Access

You are not currently logged in.

Access your personal account or get JSTOR access through your library or other institution:

login

Log in to your personal account or through your institution.

If you need an accessible version of this item please contact JSTOR User Support

Seasonal Distributions and Abundances of Loggerhead and Leatherback Sea Turtles in Waters of the Northeastern United States

C. Robert Shoop and Robert D. Kenney
Herpetological Monographs
Vol. 6 (1992), pp. 43-67
Published by: Herpetologists' League
DOI: 10.2307/1466961
Stable URL: http://www.jstor.org/stable/1466961
Page Count: 25
  • Read Online (Free)
  • Download ($15.00)
  • Subscribe ($19.50)
  • Cite this Item
If you need an accessible version of this item please contact JSTOR User Support
Seasonal Distributions and Abundances of Loggerhead and Leatherback Sea Turtles in Waters of the Northeastern United States
Preview not available

Abstract

Seasonal distributions and abundances of loggerhead (Caretta caretta) and leatherback (Dermochelys coriacea) sea turtles in continental shelf waters off the coast of the northeastern United States were derived from more than three years of aerial and shipboard surveys. There were 3460 sea turtle sightings, including 2841 loggerheads, 128 leatherbacks, and 491 unidentified. Relative abundance patterns, corrected for uneven distribution of survey effort, demonstrated an extensive area of loggerhead distribution from near Long Island, New York, along the mid-shelf to near Cape Hatteras, North Carolina. Areas of high relative abundance of leatherbacks were more scattered, with clusters south of Long Island and in the central and eastern Gulf of Maine. Loggerheads occurred significantly farther south (x̄ = 38°20′ N) than leatherbacks (x̄ = 40°05′ N), and in significantly warmer waters (mean surface temperatures of 22.2 C and 20.4 C, respectively). The two species did not differ significantly in water depth or bottom slope at sighting; the modal depth interval for both was 21-40 m. Patterns of distribution and concentration of sea turtles differed greatly from nearly all species of marine mammals, suggesting little overlap in resource utilization. Both relative and absolute density estimates were much higher for loggerheads. Overall mean relative densities were 21.6 loggerheads per 1000 km of survey track, and 6.85 leatherbacks per 1000 km. Absolute density estimates, derived from 454 special aerial surveys, ranged from 1.64 × 10-3 to 5.10 × 10-1 loggerheads km-2 and 2.09 × 10-3 to 2.16 × 10-2 leatherbacks km-2. The maximum densities for both species were higher than values reported for the Gulf of Mexico and off the eastern Florida shore. Total study area populations during the summer were estimated at 2200-11,000 loggerheads and 100-900 leatherbacks. These estimates are minimal because they are based on observations of turtles at the surface, and may represent much greater abundances. The patterns of relative abundance derived from this analysis could be used as a basis for the designation of critical sea turtle habitat off the northeastern U.S.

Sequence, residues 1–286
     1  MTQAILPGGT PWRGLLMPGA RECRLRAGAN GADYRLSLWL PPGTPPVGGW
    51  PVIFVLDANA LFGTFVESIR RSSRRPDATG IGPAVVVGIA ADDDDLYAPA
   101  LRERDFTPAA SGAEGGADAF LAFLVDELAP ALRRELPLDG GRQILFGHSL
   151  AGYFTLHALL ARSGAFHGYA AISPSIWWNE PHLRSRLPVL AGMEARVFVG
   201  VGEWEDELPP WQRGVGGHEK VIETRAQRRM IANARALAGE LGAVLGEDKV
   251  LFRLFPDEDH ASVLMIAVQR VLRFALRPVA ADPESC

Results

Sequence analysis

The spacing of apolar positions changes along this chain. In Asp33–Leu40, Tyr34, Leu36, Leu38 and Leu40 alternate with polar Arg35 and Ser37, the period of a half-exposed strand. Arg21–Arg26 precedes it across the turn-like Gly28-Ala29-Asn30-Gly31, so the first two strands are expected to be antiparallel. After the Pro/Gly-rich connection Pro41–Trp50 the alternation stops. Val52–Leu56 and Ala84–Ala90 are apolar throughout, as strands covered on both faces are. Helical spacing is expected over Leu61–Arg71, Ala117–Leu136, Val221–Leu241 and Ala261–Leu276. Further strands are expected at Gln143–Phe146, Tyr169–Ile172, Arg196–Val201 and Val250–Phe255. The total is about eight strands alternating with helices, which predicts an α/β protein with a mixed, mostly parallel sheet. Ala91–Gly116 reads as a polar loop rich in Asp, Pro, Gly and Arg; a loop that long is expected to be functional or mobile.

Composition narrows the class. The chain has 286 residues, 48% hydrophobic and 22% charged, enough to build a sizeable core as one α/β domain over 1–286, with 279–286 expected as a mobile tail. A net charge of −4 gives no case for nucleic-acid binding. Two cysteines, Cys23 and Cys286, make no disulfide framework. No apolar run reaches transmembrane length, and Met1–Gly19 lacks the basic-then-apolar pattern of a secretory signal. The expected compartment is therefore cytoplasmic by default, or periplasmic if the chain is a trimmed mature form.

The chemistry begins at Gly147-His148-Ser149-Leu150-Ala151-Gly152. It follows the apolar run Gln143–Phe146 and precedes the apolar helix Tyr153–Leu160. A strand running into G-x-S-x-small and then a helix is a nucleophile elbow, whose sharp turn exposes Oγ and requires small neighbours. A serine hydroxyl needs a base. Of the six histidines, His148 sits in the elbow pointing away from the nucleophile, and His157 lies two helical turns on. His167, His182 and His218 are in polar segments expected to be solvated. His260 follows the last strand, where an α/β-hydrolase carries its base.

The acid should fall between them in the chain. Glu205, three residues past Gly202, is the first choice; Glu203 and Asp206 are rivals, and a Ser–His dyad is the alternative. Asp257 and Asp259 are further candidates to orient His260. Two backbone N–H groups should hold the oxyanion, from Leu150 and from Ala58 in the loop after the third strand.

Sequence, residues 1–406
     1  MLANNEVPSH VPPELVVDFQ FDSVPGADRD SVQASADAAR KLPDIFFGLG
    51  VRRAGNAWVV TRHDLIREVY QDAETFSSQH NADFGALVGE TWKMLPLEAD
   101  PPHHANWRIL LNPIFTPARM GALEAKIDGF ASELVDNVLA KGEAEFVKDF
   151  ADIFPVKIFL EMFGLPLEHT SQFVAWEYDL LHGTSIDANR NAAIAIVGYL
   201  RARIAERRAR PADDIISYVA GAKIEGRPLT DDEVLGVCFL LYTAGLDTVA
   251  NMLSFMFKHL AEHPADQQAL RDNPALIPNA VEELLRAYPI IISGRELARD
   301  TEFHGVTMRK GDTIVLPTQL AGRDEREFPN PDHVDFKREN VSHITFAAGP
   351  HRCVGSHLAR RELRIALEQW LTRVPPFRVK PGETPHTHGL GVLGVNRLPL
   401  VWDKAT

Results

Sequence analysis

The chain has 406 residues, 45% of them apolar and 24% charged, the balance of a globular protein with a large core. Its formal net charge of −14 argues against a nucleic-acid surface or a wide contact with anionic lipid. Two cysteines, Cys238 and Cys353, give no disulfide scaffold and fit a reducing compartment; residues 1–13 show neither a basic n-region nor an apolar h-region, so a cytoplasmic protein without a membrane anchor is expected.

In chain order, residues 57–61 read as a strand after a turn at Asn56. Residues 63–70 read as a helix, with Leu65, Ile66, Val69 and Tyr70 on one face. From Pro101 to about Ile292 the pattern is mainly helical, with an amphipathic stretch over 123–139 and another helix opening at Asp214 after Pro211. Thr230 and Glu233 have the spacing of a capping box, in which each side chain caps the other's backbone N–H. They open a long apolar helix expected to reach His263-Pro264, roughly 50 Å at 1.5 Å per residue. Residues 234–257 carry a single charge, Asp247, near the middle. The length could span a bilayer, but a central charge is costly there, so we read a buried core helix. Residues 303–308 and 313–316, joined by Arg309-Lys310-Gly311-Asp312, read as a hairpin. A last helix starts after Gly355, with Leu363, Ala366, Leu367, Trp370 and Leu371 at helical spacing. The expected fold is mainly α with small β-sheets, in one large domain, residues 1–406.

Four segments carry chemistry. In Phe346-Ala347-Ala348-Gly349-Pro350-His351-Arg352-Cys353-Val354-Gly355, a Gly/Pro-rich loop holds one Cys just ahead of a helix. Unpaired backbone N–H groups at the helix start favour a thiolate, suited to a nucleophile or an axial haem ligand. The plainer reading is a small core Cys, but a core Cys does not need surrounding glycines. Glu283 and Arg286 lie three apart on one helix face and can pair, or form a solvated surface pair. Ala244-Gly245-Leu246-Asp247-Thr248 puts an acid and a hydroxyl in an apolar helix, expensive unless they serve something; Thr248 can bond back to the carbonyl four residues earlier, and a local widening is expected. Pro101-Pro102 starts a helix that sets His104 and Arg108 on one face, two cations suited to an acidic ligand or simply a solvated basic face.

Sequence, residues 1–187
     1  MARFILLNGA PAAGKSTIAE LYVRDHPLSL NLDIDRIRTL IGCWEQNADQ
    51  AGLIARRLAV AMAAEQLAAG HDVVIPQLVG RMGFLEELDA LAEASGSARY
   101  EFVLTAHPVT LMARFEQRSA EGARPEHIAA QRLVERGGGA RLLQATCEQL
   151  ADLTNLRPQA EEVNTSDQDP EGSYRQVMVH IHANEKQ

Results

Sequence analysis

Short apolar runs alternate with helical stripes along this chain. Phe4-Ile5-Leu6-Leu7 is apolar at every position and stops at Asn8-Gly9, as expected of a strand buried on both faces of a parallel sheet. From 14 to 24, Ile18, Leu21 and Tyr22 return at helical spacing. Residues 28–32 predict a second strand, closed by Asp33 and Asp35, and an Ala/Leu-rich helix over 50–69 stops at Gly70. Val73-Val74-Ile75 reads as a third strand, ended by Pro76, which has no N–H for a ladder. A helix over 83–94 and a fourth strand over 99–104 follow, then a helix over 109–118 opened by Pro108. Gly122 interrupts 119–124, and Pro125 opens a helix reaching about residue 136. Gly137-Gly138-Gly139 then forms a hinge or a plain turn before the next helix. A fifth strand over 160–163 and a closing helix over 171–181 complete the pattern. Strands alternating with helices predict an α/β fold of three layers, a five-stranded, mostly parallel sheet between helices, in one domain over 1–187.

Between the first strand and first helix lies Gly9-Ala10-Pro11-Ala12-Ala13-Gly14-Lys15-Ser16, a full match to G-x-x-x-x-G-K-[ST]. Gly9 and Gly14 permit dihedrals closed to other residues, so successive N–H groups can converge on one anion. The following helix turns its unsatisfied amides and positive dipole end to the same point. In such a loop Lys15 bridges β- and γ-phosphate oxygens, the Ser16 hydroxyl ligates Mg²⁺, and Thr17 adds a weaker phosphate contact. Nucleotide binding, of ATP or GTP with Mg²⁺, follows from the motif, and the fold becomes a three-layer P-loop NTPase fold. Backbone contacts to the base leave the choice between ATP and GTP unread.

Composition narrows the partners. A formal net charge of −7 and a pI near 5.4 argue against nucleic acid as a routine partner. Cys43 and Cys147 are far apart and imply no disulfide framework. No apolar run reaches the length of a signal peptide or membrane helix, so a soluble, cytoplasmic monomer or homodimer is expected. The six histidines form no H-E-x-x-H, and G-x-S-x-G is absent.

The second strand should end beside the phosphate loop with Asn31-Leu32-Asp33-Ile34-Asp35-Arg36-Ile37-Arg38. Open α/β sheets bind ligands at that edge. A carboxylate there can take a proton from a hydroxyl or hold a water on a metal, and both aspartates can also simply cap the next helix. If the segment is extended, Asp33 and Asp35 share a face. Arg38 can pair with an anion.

Page Thumbnails

  • Thumbnail: Page 
43
    43
  • Thumbnail: Page 
44
    44
  • Thumbnail: Page 
45
    45
  • Thumbnail: Page 
46
    46
  • Thumbnail: Page 
47
    47
  • Thumbnail: Page 
48
    48
  • Thumbnail: Page 
49
    49
  • Thumbnail: Page 
50
    50
  • Thumbnail: Page 
51
    51
  • Thumbnail: Page 
52
    52
  • Thumbnail: Page 
53
    53
  • Thumbnail: Page 
54
    54
  • Thumbnail: Page 
55
    55
  • Thumbnail: Page 
56
    56
  • Thumbnail: Page 
57
    57
  • Thumbnail: Page 
58
    58
  • Thumbnail: Page 
59
    59
  • Thumbnail: Page 
60
    60
  • Thumbnail: Page 
61
    61
  • Thumbnail: Page 
62
    62
  • Thumbnail: Page 
63
    63
  • Thumbnail: Page 
64
    64
  • Thumbnail: Page 
65
    65
  • Thumbnail: Page 
66
    66
  • Thumbnail: Page 
67
    67